Meeting the State of California’s 2050 target of 80% lower greenhouse
gas emissions (GHG) from a 1990 baseline is a challenging goal that cannot be met
without a portfolio of measures and strategies that span both energy demand and
This study focuses on energy emissions with the target of reducing
energy emissions by 80% relative to 1990 energy emissions. Meeting the 2050 target
requires both a sustained commitment to aggressively develop existing technologies
as well as an aggressive and sustained policy commitment to reshape and ultimately
transform the state’s energy system. The
2050 GHG target for California appears achievable, but requires significant changes
in the way we produce energy, deliver energy services, and utilize energy.
Our 2050 Base Case energy system has four critical elements:
- aggressive energy efficiency across all sectors (at technical
potential levels for buildings and industry);
- clean or low-carbon electricity;
- electrification of vehicles as well as buildings and to a lesser
extent, industry heat; and
- low-carbon biofuels.
The Mekong Region Power Sector Working Group collaborates with government agencies, non-profit organizations, universities, businesses and to analyze electricity planning and policy from a public interest perspective. The group identifies and analyzes steps to ensure that transformations in the region's electricity sector are economically rational, and that they augment, rather than undermine, social and environmental justice and sustainability.
The working group's areas technology areas of focus include stepped up integration of energy efficiency, renewable energy, and efficient cogeneration into the region's largely conventional natural gas and hydropower-based generation and transmission networks. Grounded in a solid historical understanding of power sector development in the region, the group's analysis includes regional power trading; environmental analysis of impacts of coal, natural gas, hydropower generation; analysis of planning practices; and analysis of technical, regulatory, and political barriers to sustainable energy infrastructure choices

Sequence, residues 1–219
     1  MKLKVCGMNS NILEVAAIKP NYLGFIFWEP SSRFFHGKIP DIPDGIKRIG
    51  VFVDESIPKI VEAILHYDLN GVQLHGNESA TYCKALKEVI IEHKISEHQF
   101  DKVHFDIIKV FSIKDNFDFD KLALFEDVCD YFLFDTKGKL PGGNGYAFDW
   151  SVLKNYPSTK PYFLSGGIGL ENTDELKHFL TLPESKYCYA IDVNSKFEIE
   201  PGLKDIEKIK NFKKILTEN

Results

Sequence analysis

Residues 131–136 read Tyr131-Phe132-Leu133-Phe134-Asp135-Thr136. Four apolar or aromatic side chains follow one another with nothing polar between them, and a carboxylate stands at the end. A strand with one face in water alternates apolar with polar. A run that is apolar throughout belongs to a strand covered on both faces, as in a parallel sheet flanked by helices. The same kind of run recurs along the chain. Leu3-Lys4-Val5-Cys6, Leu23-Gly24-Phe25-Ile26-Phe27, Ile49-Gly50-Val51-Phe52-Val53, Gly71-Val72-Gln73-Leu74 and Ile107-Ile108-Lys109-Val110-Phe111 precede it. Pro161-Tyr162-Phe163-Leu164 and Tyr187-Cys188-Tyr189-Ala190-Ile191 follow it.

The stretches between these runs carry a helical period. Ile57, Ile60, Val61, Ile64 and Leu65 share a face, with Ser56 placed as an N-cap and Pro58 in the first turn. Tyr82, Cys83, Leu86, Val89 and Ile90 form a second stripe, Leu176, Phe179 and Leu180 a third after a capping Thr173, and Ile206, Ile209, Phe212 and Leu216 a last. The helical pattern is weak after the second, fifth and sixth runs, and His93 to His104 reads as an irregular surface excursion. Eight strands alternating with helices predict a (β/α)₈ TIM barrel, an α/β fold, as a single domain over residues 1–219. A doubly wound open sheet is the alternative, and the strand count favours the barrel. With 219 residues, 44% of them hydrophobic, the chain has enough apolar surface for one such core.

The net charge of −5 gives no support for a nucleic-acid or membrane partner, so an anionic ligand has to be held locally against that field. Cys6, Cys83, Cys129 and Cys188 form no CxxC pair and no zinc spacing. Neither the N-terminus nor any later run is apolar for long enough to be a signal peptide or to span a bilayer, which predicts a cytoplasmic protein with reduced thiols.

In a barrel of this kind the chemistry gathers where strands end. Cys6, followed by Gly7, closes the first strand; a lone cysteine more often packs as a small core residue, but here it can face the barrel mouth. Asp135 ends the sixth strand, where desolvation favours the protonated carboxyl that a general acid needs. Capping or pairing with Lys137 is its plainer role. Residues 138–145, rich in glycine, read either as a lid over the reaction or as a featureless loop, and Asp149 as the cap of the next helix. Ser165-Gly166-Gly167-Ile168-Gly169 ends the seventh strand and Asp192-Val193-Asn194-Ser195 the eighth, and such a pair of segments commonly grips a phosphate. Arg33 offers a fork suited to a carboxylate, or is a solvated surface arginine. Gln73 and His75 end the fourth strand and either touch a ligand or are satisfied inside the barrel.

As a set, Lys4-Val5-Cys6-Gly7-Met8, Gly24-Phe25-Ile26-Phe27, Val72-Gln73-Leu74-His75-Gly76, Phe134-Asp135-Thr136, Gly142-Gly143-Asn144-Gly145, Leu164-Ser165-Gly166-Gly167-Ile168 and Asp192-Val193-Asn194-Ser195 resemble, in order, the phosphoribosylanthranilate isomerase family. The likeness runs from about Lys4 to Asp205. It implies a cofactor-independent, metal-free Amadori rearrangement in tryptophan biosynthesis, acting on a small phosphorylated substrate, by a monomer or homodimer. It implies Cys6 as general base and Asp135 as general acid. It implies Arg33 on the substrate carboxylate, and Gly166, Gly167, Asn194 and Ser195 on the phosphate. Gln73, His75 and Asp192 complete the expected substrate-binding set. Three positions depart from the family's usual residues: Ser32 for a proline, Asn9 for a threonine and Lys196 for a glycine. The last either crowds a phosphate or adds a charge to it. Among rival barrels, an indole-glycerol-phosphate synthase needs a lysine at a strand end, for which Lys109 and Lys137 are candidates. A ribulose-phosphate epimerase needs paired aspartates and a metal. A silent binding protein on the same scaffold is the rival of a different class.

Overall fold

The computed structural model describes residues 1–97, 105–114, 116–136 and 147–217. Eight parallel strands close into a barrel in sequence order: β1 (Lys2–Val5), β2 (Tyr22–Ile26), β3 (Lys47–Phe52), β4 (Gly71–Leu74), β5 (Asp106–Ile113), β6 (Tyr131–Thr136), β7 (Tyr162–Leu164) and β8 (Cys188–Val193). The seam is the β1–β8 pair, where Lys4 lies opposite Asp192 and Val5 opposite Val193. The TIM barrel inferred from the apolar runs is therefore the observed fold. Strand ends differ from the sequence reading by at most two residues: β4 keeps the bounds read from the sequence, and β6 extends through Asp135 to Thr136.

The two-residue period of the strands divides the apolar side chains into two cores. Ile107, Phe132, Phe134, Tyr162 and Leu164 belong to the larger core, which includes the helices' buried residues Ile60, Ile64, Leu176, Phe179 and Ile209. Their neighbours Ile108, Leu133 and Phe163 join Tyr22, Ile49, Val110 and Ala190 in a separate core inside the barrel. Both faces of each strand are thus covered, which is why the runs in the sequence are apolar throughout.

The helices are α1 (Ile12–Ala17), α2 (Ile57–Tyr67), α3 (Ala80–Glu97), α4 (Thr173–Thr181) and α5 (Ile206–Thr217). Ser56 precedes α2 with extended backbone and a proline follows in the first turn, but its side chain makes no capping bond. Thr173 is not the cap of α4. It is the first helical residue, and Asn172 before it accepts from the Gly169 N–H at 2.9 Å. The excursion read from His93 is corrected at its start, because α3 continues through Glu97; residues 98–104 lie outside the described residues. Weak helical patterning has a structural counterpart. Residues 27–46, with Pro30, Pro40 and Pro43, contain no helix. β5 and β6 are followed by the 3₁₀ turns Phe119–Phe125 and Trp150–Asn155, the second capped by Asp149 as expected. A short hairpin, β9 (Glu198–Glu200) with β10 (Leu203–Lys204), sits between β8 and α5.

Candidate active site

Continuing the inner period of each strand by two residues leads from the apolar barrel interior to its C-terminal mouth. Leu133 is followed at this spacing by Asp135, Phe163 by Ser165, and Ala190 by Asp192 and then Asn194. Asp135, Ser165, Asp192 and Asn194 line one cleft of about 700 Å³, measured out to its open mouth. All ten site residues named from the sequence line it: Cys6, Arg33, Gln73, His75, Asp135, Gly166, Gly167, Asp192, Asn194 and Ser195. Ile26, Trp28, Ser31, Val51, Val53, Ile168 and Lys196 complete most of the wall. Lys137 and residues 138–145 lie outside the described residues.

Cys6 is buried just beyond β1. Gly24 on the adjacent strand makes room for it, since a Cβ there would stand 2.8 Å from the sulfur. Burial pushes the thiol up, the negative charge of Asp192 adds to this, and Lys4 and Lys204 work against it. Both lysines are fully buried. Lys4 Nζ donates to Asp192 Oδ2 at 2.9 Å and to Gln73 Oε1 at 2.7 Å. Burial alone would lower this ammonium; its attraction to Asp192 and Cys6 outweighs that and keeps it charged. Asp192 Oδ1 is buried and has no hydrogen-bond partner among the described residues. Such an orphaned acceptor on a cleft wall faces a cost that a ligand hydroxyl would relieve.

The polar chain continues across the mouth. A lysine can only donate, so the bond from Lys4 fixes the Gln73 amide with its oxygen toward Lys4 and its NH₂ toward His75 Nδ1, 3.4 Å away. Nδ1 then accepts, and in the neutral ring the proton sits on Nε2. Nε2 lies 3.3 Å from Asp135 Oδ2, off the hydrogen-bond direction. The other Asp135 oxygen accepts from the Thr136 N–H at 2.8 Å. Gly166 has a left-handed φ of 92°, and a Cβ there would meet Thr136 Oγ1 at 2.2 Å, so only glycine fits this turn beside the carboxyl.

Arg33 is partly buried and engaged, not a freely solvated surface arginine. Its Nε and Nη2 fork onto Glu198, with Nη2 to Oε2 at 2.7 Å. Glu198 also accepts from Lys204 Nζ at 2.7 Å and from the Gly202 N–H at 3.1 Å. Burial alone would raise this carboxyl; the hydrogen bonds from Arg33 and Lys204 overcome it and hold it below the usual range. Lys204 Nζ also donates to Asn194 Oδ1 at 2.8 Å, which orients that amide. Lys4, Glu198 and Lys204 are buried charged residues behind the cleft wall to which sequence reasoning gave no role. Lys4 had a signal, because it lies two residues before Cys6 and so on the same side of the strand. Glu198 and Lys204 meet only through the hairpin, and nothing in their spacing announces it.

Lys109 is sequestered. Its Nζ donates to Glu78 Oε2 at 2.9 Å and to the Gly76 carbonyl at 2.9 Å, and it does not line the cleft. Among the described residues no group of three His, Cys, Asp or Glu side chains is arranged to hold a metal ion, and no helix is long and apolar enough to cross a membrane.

If Peabody Energy, SSA Marine and Goldman Sachsreally want to stimulate Washington jobs, as they claim, they can find much better ways to do so than build a sprawling $665 million coal terminal northwest of Bellingham. They could use the money instead to fund energy-efficiency and renewable-energy projects. Per dollar invested, efficiency and renewables generate many more jobs than fossil fuels.
Extreme heat waves, declining food stocks, and a life-threatening sea level rise: it's a sobering vision of the future by one of the world's largest and most powerful institutions.
A report issued by the World Bank earlier this month warns of severe consequences if global warming is not dealt with. But the international organisation may itself be contributing to climate change.
More on the story and Professor Kammen's response in the al Jazeera video and article.